Two out of three for Finland

21 April 2010

Finnish leaders have made favourable decisions for two of the three nuclear projects put before them, meaning up to 4300 MWe in nuclear capacity could potentially come from private investment.

 

The lucky two were Teollisuuden Voima Oyj (TVO) and Fennovoima Oyj, while Fortum was disappointed with the choice and said its plan to expand Loviisa "would have been undeniably the best choice for the whole Finnish society."

 

Under Finnish law, government consideration and parliamentary ratification are required for a new nuclear reactor to ensure it is in society's overall interests. Minister of economic affairs Mauri Pekkarinen will submit the decision to parliament in early May and it is thought unlikely that parliament would go against the decision, which is meant to help climate change and energy independence goals. A separate renewables obligation outlined at the same time should radically boost their contribution to energy supplies to meet the EU target of 20% by 2020.

  

Simo (Fennovoima)
How a nuclear power plant could look at Simo (Image: Fennovoima)

 

TVO quickly reacted with a positive statement: "The organization and everything else needed for the implementation of the project is already in place. Hence we can launch the construction process smoothly as a continuation of the Olkiluoto 3 project."

 

Olkiluoto 3 is the 1600 MWe pressurized water reactor under construction, alongside two 860 MWe boiling water reactors from 1979 and 1980. About four thousand workers are involved in the Olkiluoto 3 project, which was meant to begin operation in 2009 but is now expected in 2012.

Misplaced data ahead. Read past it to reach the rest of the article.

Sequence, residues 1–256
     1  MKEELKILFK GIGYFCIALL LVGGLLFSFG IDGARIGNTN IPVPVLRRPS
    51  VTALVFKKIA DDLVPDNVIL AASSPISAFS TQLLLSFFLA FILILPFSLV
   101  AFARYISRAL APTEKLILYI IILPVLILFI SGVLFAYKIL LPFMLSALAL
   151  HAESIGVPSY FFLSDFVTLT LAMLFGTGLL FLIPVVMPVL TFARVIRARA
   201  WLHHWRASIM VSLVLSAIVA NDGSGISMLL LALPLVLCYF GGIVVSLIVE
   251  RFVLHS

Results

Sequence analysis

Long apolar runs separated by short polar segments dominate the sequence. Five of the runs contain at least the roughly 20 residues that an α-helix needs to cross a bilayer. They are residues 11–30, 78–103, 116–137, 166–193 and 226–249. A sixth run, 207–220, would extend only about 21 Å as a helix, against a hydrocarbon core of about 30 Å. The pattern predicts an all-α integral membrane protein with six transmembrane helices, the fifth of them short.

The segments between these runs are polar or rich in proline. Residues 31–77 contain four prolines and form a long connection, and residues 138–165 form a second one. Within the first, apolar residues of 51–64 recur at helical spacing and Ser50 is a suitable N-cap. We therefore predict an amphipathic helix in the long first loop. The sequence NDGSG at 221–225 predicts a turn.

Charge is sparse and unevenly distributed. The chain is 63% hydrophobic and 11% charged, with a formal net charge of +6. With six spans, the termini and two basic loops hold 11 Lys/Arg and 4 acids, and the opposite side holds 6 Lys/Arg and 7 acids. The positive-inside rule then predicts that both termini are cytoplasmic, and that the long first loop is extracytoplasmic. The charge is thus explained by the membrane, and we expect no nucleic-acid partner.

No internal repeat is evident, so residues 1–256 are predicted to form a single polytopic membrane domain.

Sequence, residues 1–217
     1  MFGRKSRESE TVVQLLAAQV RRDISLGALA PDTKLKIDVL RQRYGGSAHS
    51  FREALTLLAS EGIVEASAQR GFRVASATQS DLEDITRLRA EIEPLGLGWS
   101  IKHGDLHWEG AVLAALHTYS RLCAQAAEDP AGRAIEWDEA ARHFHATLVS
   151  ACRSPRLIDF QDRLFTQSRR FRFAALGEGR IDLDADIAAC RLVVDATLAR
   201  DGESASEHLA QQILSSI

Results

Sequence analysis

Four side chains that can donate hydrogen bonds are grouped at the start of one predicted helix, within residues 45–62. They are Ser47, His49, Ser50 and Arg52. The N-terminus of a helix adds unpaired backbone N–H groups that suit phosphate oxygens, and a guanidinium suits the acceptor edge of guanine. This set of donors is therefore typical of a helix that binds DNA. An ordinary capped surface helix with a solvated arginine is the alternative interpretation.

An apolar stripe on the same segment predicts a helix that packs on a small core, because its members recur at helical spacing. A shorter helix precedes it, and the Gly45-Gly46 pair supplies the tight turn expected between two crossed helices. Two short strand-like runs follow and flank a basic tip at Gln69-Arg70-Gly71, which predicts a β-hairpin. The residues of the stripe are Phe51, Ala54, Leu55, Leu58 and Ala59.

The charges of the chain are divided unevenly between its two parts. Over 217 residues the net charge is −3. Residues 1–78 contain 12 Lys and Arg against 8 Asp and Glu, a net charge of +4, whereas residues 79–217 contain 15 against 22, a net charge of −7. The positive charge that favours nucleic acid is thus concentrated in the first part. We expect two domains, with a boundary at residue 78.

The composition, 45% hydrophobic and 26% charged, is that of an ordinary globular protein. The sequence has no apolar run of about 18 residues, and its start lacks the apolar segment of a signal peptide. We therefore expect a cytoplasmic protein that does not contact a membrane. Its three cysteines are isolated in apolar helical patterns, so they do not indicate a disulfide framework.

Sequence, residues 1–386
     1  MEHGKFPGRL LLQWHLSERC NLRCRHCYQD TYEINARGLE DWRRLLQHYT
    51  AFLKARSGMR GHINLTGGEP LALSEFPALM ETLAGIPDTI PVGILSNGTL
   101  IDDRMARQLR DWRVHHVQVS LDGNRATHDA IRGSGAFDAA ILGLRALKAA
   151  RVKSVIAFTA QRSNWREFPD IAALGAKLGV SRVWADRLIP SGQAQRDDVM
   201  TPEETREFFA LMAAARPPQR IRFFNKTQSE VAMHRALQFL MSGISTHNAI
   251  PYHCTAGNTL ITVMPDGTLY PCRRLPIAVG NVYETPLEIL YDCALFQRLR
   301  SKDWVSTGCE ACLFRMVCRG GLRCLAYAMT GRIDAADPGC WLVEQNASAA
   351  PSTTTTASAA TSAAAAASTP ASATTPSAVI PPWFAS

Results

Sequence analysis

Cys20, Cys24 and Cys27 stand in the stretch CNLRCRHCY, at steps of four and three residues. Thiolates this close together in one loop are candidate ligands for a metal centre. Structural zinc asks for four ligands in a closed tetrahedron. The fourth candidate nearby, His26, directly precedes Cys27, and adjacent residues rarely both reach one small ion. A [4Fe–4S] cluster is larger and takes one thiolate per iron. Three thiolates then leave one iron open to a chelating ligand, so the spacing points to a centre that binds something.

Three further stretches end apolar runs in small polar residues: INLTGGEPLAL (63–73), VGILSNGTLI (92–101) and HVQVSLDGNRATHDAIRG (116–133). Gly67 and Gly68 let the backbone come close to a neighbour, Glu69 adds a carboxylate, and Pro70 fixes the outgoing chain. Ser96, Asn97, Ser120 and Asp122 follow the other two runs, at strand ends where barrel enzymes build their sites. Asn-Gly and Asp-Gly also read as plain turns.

The design Olkiluoto 4 is not yet decided, but will come in the range of 1000-1800 MWe. TVO said it will work to study design alternatives with vendors and the other firms that could be involved in the construction.

 

Fennovoima has two sites under consideration: Pyhäjoki and Simo, both in the north of the country and both noted by government to be positive towards nuclear development. A Fennovoima statement acknowledged the government move but did not elaborate on its next steps. The company has a total of 64 shareholders, led by EOn with 34%, and would like to develop nuclear capacity of 1500-2500 MWe.

 

The government said it was content with TVO's plans for radioactive waste management, centred around a used nuclear fuel repository at Olkiluoto to be built and operated by Posiva, which TVO and Fortum jointly own. Currently outside of this arrangement, Fennovoima is required to develop and present a strategy for its used nuclear fuel to the Ministry of Employment and Economy within six years of ratification of its decision-in-principle.
 
Researched and written
by World Nuclear News
 

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